Hydraulic systems are responsible for generating the energy that heavy construction equipment needs to perform properly. Any problems with the hydraulic system could spell disaster, so it's important that you are monitoring the health of your hydraulic systems at all times.
Overheating is a problem that can plague a hydraulic system. Finding the cause of the overheating and making the necessary repairs will help prevent a catastrophic (and costly) system failure in the future.
1. System Imbalances
It's not uncommon to make adjustments to the individual components within a hydraulic system in an attempt to maximize the energy output produced by the system as a whole. Unfortunately, some of these adjustments can cause the hydraulic system to become unbalanced.
One of the common adjustment mistakes that can lead to overheating is changing the settings on the pump compensator without also adjusting the settings on the pressure relief valve.
The pump compensator and pressure relief valve must be kept in balance with one another or excess heat will be funneled back into the hydraulic system, causing the system to overheat. An experienced hydraulic shop can make adjustments properly so that you can maximize performance without the risk of causing overheating.
2. Mismatched Upgrades
Upgrading certain components within a hydraulic system might seem like a good idea, but the wrong upgrades can wreak havoc on the health of the hydraulic system as a whole. Any upgraded parts that you install need to be compatible with your entire hydraulic system.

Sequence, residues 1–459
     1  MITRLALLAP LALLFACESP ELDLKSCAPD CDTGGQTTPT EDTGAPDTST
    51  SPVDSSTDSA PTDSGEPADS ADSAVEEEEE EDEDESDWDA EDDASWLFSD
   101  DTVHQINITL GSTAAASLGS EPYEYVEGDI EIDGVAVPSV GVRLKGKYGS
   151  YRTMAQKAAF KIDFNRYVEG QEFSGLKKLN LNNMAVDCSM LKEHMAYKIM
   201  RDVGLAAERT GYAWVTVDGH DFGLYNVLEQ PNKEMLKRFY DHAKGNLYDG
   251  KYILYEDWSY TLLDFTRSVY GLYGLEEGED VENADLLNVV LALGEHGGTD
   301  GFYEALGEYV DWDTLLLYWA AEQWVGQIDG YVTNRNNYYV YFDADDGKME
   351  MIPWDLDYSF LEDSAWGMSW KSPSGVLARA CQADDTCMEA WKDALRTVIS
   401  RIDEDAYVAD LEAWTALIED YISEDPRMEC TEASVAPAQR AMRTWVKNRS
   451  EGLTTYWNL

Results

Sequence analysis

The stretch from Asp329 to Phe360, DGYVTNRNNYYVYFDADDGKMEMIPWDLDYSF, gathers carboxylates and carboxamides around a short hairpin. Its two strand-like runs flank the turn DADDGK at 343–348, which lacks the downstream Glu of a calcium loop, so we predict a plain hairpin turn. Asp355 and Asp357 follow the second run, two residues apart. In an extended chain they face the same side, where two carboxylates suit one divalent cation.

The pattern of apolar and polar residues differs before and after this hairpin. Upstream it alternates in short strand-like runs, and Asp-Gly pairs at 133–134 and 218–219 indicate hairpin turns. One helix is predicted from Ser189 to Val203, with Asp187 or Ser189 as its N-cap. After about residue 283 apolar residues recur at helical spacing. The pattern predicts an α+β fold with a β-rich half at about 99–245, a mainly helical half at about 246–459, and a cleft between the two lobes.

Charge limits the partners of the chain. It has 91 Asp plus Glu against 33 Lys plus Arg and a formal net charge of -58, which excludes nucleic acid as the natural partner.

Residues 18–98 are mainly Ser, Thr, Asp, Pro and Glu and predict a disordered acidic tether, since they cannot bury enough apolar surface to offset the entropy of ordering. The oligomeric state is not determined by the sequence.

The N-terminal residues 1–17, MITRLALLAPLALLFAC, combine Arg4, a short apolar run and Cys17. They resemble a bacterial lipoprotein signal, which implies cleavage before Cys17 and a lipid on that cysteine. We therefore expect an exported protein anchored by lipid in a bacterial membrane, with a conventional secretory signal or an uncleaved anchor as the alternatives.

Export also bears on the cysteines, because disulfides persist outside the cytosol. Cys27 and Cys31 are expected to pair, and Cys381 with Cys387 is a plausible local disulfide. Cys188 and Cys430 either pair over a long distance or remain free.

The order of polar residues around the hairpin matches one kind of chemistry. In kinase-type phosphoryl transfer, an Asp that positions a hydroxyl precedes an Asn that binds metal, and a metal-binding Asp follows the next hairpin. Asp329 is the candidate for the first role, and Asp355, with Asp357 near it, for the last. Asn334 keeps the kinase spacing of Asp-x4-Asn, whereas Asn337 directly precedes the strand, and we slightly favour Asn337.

You can't install an upgraded flow pump without also installing upgraded hoses and piping that are equipped to handle the increased energy output generated by the upgraded flow pump.
All upgrades should be completed by a hydraulic shop to ensure that the replacement of a single component doesn't create overheating within the hydraulic system over time.
3. Worn Components
The components within your hydraulic system need to be meticulously maintained if you want the system to perform at optimal levels.
Parts that become worn or damaged can contribute to overheating by increasing the amount of debris within the hydraulic system. A buildup of debris can gel up the fluids that help cool the hydraulic system during operation, resulting in serious overheating that might damage the remaining components within the system.
Work with a reputable hydraulic shop to establish a maintenance schedule that will keep your heavy equipment running safely and efficiently in the future. Visit a site like https://www.cerprodnjhydraulics.com/ to learn more.